Alt-rock legends They Might Be Giants quietly released Album Raises New and Troubling Questions, their second record of 2011, today. The set, a collection of outtakes and oddities, was mostly finished after the release of Join Us, their 15th studio album, back in July. The two albums represent the duo’s first body of “adult” material since 2007’s The Else, which was followed by a series of well-received children’s albums. Rolling Stone caught up with songwriter John Flansburgh to chat about the new collection, as well as the band’s plans for their 30th anniversary next year.
So you have this new compilation, Album Raises New and Troubling Questions. You see that phrase all over the place – what made you decide to run with that as a title?
Well there’s this Malcolm Gladwell story that’s really, really funny about that phrase, and how in his early days – I’m not sure, but I think it was the Washington Post – he and a friend had a contest to see how much they could use that expression in headlines. I think the idea is that it’s the best example of a headline that just grabs people’s attention, and it just seemed funny.
So this is mostly stuff that was left over from Join Us?
Yeah. Some of it’s actually brand new, stuff we did right after we finished Join Us, actually. It’s probably mostly tracks that we just finished. It’s not the horrible stillborn tracks that we started the record with, which will probably remain forever unfinished. But just sort of in the sprint to finish that record, we started a bunch of songs that we didn’t quite have enough time to wrap up. And then we did this song with The Onion for their Undercover series, a cover of [Chumbawumba’s] “Tubthumping” which is very popular. There’s a version of “Istanbul (Not Constantinople)” that we assembled just to make a video out of it. That’s an interesting recording because even though it’s totally electronic, it was actually recorded live. It sounds completely tracked. I mean it doesn’t sound like a band – it sounds like electronic music – but it’s actually the five of us in a room playing. It makes you realize how hard it is to really play in mechanical time. When you take all the humanity out of something, the musical truth is a very small target. The one is very, very tiny.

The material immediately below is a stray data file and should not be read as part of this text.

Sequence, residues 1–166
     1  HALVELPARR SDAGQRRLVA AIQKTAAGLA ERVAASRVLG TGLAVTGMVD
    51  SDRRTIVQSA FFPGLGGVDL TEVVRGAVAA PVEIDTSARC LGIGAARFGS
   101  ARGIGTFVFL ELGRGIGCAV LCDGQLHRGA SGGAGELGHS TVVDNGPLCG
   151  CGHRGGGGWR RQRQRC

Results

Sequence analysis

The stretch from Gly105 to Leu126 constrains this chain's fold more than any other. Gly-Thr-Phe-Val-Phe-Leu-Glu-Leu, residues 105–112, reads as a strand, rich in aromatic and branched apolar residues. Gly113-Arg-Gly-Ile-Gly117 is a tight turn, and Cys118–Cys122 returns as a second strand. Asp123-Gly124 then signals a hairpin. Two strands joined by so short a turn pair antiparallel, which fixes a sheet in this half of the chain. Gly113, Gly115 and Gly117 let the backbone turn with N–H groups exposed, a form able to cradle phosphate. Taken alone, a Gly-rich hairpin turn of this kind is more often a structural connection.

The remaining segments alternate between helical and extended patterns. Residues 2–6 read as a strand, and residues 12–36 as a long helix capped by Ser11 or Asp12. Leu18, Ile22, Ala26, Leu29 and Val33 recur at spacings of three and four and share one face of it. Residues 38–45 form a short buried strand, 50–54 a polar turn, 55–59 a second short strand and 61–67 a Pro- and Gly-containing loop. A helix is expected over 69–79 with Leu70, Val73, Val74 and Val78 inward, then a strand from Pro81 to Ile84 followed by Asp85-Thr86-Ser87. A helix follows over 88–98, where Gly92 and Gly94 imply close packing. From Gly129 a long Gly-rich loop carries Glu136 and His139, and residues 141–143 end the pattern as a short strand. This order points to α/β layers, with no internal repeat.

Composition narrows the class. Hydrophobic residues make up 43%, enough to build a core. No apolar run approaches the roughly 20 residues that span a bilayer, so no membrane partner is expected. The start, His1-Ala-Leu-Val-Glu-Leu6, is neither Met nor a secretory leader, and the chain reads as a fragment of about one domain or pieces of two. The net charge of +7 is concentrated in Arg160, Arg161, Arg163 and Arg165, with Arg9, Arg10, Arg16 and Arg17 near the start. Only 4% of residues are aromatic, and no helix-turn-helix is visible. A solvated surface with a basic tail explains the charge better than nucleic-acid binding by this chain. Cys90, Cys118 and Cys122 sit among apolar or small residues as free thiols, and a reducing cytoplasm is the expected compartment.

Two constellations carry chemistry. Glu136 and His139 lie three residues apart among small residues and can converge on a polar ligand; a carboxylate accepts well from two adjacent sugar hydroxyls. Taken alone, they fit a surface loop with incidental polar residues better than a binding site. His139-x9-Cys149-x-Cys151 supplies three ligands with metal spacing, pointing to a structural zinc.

There was a very brief window of time between your announcement of this compilation and its release date. Was this meant to be a surprise?
It was kind of a surprise. You know, it was my idea, but sometimes you surprise yourself. Because we had all these songs that were just kicking around, I just felt like I didn’t want years to go by and just have these songs appear here or there. You know, I really like these songs, and I think that they are interesting and deserve to be heard, and it just seemed like we live in such a different time. The album is a strange, archaic thing that some people don’t even relate to. But I feel like, that if the album is going to exist, it’d be nice if we could sort of expand its definition. And this is really is part of Join Us, but it’s also its own thing. I just didn’t want a ton more pieces of quality material just kind of floating around in the ether because we’ve made a lot of music that doesn’t ever get defined, and often doesn’t really get heard properly.
Is it kind of a relief to not have to come up with an album conceit, to just put these songs together because they were made around the same time?